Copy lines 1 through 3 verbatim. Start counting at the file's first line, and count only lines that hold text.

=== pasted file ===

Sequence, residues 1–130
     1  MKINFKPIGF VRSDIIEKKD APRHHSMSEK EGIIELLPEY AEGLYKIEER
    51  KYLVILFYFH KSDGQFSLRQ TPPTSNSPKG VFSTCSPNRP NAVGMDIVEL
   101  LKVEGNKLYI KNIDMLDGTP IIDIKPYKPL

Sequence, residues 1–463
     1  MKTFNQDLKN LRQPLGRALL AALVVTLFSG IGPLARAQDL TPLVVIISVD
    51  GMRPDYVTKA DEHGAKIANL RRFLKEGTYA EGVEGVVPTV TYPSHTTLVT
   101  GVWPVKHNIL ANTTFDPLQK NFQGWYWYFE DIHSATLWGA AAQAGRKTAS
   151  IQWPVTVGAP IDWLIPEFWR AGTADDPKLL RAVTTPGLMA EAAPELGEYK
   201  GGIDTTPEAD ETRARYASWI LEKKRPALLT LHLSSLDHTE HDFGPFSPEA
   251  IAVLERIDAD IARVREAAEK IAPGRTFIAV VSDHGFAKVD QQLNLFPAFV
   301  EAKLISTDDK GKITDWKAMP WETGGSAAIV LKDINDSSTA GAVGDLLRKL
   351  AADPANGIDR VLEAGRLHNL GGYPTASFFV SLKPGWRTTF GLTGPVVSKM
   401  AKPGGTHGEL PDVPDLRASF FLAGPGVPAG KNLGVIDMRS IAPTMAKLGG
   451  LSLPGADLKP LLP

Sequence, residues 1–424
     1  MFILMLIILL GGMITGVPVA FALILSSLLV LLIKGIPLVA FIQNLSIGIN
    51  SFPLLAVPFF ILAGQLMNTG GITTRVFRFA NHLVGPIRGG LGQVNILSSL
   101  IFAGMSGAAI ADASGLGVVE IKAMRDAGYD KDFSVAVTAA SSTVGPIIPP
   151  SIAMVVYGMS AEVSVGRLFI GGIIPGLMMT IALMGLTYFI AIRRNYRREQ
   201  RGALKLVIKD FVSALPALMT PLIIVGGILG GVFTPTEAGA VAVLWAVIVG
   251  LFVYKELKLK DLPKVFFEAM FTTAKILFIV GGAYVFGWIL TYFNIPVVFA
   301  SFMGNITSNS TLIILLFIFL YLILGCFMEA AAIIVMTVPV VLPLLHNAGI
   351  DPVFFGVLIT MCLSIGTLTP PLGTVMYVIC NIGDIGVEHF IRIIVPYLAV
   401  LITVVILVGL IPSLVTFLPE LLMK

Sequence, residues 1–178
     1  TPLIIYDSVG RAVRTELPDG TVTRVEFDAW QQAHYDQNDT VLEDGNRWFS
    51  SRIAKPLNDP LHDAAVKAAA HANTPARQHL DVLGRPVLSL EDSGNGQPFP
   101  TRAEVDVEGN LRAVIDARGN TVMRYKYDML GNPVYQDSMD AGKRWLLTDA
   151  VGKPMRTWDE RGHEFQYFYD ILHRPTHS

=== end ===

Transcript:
Sequence, residues 1–130
     1  MKINFKPIGF VRSDIIEKKD APRHHSMSEK EGIIELLPEY AEGLYKIEER
    51  KYLVILFYFH KSDGQFSLRQ TPPTSNSPKG VFSTCSPNRP NAVGMDIVEL